The child and the then President were both African American, the obvious similarity. He didn’t mention that. He said, “They’re both wearing ties.” He went on to say they both seemed to like being leaders and pointed out different mannerisms they shared. Later, when we visited Istanbul in Turkey, Makai saw many women wearing niqabs. Six years old at the time, he asked, “Mom, are they ninjas?” I said, “No, I think some women wear niqabs because they want to be modest, not ‘show offy’.” He thought about it for a minute then asked, “Why don’t you wear one?” I told him I liked being modest too, but I have a different belief system and liked wearing the kind of stuff I did. “Okay,” he said.  

Travel has helped Mak recognize differences in people are normal. Ultimately, travel helped my son develop confidence by teaching him to expect that his opinions and perspectives will change. Seeing, tasting, and experiencing so many different things has helped him fear less and relate all to kinds of people. More like this: I’m a travel addict with a kid who doesn’t like to travel. Here’s how I deal with it

DESPITE being terrifying natural phenomena, volcanoes are also fascinating — we never know when the fiery power contained deep within the Earth will manifest itself, but we know the spectacle will be formidable. We selected some beautiful photographs of volcanoes from around the world that we hope will inspire you to go see them in person.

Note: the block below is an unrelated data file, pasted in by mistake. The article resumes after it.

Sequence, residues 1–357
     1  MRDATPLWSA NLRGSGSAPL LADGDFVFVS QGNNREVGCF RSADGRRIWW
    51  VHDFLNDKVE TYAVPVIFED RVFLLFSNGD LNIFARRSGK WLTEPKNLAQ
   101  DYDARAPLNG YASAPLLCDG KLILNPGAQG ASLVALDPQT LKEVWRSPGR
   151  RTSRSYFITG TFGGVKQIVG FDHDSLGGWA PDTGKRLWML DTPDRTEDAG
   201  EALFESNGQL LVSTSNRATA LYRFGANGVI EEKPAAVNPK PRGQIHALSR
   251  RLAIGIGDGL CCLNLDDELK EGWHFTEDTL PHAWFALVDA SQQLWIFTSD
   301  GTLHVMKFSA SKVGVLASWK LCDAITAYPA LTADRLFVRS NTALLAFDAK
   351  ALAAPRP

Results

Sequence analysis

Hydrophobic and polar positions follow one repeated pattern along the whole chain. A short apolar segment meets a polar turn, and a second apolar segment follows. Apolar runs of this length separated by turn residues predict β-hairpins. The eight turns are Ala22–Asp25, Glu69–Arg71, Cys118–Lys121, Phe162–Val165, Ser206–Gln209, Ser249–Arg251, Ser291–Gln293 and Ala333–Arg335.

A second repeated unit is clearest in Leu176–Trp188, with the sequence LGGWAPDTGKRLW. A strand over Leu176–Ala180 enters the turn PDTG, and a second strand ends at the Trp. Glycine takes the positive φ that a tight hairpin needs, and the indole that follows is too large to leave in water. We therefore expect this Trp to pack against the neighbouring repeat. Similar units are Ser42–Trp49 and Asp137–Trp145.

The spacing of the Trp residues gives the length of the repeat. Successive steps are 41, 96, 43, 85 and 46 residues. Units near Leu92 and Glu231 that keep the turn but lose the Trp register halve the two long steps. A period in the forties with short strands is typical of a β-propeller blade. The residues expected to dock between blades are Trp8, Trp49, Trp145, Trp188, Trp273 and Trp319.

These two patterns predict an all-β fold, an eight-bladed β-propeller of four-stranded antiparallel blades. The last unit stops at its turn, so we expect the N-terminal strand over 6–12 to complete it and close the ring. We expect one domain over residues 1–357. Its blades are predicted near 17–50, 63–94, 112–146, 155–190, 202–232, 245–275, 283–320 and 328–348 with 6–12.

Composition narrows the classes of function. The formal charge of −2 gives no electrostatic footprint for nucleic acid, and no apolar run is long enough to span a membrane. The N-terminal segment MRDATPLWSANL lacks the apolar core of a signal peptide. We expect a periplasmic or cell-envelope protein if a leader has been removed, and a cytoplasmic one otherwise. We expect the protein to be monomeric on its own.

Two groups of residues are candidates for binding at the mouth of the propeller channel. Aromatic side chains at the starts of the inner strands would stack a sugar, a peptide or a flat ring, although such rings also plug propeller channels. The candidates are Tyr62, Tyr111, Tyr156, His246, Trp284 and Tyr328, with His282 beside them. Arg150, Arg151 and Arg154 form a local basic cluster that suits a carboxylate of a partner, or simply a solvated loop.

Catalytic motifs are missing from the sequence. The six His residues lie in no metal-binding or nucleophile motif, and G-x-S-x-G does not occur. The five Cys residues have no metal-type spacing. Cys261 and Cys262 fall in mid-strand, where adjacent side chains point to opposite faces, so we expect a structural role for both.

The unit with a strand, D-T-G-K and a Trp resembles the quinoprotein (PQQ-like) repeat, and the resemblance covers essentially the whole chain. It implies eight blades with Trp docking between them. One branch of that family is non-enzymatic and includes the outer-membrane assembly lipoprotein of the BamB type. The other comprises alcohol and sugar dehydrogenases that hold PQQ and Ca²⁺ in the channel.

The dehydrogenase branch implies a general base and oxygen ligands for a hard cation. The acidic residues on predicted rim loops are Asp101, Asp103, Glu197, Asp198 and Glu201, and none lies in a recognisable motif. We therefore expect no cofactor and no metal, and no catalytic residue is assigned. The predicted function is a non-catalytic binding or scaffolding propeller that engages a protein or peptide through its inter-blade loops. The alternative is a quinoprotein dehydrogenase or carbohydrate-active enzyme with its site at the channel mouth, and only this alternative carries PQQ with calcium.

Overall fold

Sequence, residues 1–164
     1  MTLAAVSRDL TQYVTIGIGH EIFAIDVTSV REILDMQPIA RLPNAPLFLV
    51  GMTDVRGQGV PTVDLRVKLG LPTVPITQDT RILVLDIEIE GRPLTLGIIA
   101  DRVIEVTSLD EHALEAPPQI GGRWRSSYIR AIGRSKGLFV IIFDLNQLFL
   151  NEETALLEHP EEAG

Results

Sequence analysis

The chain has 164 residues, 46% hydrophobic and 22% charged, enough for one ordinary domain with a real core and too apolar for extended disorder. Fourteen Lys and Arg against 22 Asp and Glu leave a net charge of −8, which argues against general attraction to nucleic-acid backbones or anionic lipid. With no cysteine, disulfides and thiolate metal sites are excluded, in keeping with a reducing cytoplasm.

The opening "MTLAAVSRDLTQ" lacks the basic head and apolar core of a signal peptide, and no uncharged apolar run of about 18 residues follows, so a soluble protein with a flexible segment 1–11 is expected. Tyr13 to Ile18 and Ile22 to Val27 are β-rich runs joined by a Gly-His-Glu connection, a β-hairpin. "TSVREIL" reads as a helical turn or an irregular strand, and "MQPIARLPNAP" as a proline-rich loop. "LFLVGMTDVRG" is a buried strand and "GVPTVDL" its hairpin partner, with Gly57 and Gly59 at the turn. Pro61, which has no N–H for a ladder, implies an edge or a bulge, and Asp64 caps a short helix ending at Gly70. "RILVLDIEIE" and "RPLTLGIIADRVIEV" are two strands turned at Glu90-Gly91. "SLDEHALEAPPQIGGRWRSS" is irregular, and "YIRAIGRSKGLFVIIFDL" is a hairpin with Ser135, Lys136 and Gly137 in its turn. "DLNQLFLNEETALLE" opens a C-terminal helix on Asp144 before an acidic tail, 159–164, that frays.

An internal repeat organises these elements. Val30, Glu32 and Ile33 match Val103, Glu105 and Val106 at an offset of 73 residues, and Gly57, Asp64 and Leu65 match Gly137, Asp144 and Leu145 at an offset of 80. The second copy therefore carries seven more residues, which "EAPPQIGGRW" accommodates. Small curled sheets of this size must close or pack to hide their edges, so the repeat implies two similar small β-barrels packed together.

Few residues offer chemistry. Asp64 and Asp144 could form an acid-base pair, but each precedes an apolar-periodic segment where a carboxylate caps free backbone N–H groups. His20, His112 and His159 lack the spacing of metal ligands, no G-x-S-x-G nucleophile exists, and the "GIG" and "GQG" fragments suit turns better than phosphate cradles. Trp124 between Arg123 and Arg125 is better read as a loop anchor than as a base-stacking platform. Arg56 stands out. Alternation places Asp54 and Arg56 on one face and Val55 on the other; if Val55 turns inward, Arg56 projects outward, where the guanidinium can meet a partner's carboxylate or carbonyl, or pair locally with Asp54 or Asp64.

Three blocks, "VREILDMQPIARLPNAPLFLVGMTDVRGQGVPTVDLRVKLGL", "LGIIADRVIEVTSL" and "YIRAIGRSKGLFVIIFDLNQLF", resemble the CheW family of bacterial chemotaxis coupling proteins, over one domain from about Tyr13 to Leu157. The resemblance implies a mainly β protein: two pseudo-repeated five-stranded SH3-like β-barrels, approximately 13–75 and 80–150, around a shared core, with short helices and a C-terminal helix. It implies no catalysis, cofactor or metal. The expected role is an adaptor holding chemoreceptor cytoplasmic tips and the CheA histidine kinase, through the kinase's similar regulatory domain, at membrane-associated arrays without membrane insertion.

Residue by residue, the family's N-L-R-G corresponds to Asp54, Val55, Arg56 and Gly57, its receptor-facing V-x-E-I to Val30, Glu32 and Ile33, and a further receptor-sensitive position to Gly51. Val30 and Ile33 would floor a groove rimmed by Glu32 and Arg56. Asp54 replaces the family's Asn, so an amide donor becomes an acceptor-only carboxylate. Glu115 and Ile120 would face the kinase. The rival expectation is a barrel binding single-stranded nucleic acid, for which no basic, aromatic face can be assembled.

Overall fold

Erta Ale Volcano

Erta Ale is a continuously active shield volcano. It last erupted in January 2017.


Photo: Indrik myneur


Volcán de Fuego

Volcán de Fuego is a highly active volcano. If you’re lucky, you can see its full fury.

Photo: Arthur Wei


Mount Sinabung

Mount Sinabung’s last eruption was in May 2016.


Photo: Yosh Ginsu


Photo: Yosh Ginsu

Democratic Republic of Congo

Nyiragongo Volcano

Nyiragongo Volcano contains the world’s most active and largest lava lake.


Photo: Cai Tjeenk Willink


Kīlauea, The Big Island of Hawai’i

You can take boat tours to check out Kīlauea’s lava pouring into the Pacific Ocean up close.


Photo by Buzz Andersen


Photo by Mandy Beerley

Haleakalā, Māui

Haleakalā volcano is currently dormant, but the Haleakalā National Park on the Hawaiian island of Māui is still a great place to check out craters. Note: Once a volcano has been dormant for more than 10 000 years, it is termed extinct.


Photo by Jeff King


Tungurahua Volcano

Photo: Diariocritico de Venezuela


Holuhraun Lava Field


Photo: Sparkle Motion


Eyjafjallajökull’s eruption in the spring of 2010 threw volcanic ash several kilometers up in the atmosphere, which led to air travel disruption in Europe for several days.


Photo: Wikimedia Commons


Volcán Licancabur

Volcán Licancabur stands 19,400ft in southwestern Bolivia, fronted by the minerally colored Laguna Verde. It can be reached and climbed in conjunction with tours to the nearby Salar de Uyuni, the world’s largest salt flat. Volcán Licancabur is dormant.

Volcan Licancabur, Bolivia

Photo: szeke


Mount Etna

Mount Etna is Europe’s largest active volcano.

Mount Etna erupting

Photo: Wikimedia Commons


Volcano Gorely

Volcano Gorely consists of five overlapping stratovolcanoes and is one of the most active in southern Kamchatka. It last erupted in June 2010.


Photo: Kuhnmi

Volcano Vilyuchinsky

Volcano Vilychinsky seen from volcano Gorely on a misty morning.


Photo: Kuhnmi

Papua New Guinea

Tavurvur Volcano

Tavurvur Volcano last erupted in 2010.


Photo: Taro Taylor

Lonely Planet Ecuador & the Galapagos Islands (Travel Guide)

Lonely Planet